Back when I taught nutrition classes, I would typically end my class, asking the participants to set a goal for the upcoming week. Responses would range from “I’m going to lose weight” to “exercise more” or “eat more nutritiously.” Occasionally there was a person who said, “I’m going to eat fast food twice a week instead of five times a week.” Who do you think was the more successful person? You got it—the fast-food person. The reason is, he set a very specific goal that he was able to achieve. The person who “wanted to exercise more” got overwhelmed and easily gave up. 

This is the time of year when people set New Year Resolutions. Interestingly, only about 8 percent actually achieve their goals. Here are the top 6 reasons why people don’t reach their goals:

  • The goal is too vague or too large
  • Procrastination
  • Easily distracted
  • Lack of motivation
  • Lack of planning
  • Not making time to incorporate the new goal into life

So, what defines a successful goal and one that is doomed to fail? If you’ve set goals before and gave up, try SMART goals— they might just be your key to success. 

How to Set a SMART Goal

S= Specific. Make your goal specific. For example, rather than saying you want to add more fruits and vegetables to your diet, specify you will add 1 more cup of fruit and vegetables to your diet daily. Or perhaps you want to try meditation. How will you do this? What steps do you need to take? Get as specific as possible. 

M= Measurable. Measure your progress along the way. One good way to do this is by keeping a graph or journal. A couple of years ago, I made the decision to add more protein to my diet since I was over-compensating with carbohydrates. I kept a daily journal of how many grams of protein/day I was getting. It helped keep me accountable and made it easier to track my progress. 

A= Achievable. Ask yourself if your goal is achievable. If you’ve never run before, a goal of running a marathon in 3 months may not be realistic. Rather, you may find you have the resources and ability to start out with a 20-minute walking program. This goal will challenge you rather than defeat you.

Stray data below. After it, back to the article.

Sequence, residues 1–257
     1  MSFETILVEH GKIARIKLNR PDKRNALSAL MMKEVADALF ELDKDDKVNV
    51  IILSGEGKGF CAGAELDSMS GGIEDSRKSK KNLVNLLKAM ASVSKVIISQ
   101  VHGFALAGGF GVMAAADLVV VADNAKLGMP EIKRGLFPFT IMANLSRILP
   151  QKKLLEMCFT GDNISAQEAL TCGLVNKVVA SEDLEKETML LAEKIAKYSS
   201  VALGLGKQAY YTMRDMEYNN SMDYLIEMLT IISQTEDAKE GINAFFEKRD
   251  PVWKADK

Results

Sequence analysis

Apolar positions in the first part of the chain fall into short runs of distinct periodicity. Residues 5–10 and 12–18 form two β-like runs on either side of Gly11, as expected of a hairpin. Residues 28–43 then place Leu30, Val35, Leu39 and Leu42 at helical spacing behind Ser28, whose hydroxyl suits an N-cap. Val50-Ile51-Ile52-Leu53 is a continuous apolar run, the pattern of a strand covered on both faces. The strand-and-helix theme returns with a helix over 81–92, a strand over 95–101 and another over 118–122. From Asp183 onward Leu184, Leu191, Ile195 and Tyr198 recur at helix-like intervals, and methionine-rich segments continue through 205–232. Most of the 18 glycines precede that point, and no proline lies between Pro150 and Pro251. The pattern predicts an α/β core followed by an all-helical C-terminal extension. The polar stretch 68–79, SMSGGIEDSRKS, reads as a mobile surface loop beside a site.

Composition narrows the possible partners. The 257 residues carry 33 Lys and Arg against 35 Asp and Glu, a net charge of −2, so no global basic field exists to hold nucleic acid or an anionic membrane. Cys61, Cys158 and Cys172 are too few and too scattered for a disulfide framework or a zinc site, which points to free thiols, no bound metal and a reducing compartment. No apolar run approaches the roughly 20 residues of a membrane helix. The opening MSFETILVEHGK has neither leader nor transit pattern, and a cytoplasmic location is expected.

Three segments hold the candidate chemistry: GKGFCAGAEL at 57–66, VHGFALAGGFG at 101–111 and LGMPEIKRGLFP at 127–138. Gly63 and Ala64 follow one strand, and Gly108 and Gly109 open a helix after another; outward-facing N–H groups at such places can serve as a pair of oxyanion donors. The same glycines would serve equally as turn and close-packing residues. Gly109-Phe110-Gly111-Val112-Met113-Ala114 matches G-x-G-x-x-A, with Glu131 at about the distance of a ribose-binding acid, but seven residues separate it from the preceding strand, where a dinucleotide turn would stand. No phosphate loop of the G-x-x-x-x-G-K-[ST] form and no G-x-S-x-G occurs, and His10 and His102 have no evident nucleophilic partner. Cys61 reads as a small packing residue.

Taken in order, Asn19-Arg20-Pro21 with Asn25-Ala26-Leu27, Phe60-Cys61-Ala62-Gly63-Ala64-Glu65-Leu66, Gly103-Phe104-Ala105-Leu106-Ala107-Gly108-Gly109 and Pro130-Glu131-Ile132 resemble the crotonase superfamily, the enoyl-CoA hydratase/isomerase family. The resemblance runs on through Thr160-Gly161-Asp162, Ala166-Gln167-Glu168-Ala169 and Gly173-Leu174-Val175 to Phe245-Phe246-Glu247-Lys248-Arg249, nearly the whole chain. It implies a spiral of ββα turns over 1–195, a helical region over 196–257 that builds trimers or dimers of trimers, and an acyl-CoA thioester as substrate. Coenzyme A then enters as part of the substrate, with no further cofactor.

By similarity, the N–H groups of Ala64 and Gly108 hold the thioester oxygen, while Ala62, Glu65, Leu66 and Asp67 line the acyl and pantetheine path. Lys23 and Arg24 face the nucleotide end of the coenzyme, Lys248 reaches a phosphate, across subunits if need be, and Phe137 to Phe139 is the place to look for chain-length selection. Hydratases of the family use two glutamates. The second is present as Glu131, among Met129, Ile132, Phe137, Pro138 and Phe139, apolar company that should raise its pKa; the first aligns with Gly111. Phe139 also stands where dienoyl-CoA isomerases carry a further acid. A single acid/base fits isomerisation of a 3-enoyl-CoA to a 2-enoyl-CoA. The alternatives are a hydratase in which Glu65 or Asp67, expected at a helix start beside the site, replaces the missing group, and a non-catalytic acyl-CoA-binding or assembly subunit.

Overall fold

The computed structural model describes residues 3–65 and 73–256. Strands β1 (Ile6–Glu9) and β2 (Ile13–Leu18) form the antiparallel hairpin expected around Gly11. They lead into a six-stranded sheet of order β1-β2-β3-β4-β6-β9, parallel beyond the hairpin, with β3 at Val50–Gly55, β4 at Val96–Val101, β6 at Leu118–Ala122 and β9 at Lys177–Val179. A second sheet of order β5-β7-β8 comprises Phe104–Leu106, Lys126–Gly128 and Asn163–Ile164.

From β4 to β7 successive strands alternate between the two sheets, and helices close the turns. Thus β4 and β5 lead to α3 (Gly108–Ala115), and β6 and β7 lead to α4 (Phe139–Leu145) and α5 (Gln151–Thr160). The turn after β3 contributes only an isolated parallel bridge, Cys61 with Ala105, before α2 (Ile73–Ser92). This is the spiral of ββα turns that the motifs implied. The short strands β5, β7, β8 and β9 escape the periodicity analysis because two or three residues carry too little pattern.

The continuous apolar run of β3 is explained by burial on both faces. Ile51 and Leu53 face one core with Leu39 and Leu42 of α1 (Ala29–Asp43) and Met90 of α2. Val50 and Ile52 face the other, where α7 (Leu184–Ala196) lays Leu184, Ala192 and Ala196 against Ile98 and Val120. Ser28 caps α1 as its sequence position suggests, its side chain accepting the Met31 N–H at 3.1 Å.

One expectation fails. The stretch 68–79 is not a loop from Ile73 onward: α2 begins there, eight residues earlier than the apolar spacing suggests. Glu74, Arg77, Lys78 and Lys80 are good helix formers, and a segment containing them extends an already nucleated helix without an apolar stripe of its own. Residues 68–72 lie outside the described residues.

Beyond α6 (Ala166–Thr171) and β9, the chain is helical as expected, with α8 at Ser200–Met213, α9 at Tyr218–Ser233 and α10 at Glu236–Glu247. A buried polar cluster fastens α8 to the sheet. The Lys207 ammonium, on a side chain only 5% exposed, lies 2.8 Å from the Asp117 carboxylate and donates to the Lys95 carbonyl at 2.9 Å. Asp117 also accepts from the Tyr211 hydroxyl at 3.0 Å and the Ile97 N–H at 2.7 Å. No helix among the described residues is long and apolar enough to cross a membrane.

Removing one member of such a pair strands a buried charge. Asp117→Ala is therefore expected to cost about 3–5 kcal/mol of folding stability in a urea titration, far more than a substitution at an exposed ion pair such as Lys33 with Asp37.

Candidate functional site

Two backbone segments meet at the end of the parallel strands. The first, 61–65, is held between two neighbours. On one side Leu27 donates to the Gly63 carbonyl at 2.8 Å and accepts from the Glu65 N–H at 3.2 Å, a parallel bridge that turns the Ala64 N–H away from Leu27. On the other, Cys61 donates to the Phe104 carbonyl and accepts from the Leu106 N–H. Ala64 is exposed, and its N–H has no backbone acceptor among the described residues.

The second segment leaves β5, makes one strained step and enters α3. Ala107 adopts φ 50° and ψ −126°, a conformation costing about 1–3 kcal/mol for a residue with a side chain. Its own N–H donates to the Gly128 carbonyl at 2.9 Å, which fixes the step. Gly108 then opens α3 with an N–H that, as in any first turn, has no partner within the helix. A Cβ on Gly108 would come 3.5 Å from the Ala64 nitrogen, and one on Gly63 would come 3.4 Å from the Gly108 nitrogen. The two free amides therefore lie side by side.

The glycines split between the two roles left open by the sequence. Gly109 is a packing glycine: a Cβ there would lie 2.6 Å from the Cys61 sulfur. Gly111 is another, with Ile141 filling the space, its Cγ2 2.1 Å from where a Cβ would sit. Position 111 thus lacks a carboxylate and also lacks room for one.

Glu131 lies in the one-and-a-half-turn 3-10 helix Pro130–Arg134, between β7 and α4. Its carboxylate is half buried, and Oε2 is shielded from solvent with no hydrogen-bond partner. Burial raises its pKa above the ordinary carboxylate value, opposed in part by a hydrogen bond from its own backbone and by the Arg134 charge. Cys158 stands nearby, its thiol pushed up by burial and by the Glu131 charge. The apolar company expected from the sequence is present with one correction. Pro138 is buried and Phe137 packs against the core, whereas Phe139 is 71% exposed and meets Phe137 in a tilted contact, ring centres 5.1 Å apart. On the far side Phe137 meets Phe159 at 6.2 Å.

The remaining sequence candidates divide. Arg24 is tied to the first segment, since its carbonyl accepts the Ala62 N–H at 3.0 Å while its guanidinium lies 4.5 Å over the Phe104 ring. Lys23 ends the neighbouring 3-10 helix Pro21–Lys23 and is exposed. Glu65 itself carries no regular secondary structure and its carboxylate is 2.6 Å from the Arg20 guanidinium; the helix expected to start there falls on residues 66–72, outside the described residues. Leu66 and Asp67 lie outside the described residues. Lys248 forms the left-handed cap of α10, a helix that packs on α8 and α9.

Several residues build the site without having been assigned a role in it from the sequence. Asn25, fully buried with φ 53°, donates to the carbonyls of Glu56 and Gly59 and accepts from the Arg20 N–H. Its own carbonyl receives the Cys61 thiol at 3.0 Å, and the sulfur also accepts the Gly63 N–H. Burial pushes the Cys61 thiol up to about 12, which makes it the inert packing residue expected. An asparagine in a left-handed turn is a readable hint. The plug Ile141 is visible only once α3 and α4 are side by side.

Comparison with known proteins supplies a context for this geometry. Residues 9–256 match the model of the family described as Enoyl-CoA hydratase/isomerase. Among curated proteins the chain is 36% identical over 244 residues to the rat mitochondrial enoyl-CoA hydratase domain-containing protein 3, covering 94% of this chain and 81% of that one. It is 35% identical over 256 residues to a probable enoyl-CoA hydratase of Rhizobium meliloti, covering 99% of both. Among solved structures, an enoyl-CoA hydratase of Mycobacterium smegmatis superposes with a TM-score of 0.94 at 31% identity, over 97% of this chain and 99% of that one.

R= Relevant. Is the goal worthwhile, and will it meet your needs? For a person who just experienced cardiac bypass surgery, losing weight could mean the difference between a quality life and one of immobility. Determine how the goal is worthwhile in your life. This reminder will help when you want to quit. 

T=Time-bound. What is the completion date for your goal? Many decades ago, when I decided to quit smoking, I set a completion goal of 30 days (it takes about 30 days to break a habit). I first went to hypnotherapy, visited the website of the American Lung Association, made a plan to deal with my triggers, developed strategies for withdrawal cravings, and sought support with Smokers Anonymous. In other words, I had a goal and a plan to execute it. It met the criteria for SMART goals: it was Specific (S), Measurable (M), Achievable (A), and Relevant (R) as well as Time-bound (T). Like many of us who kicked the habit, I’m happy to report I’ve been “smoke-free” for over 30 plus decades. 

You’ve chosen your goal. The next step is to put your plan into action. Remember, changing lifestyle habits is challenging. It takes preparation and intention. Backsliding is expected; we’re only human, but don’t let that deter you from continuing with your plan as soon as possible. Consistency is key. Pretty soon, you’ll find that your goal has become a part of your lifestyle and a natural part of your daily routine. 

I wish you a happy and healthy New Year.  May your right hand always be stretched out in friendship and your capacity for love be limitless. 

Cindy Maynard, Ph.D., RD, is a health psychologist, registered dietitian, and health and fitness writer. Dr. Maynard is passionate about the topic of health and wellness and motivating people towards better health. You can contact her at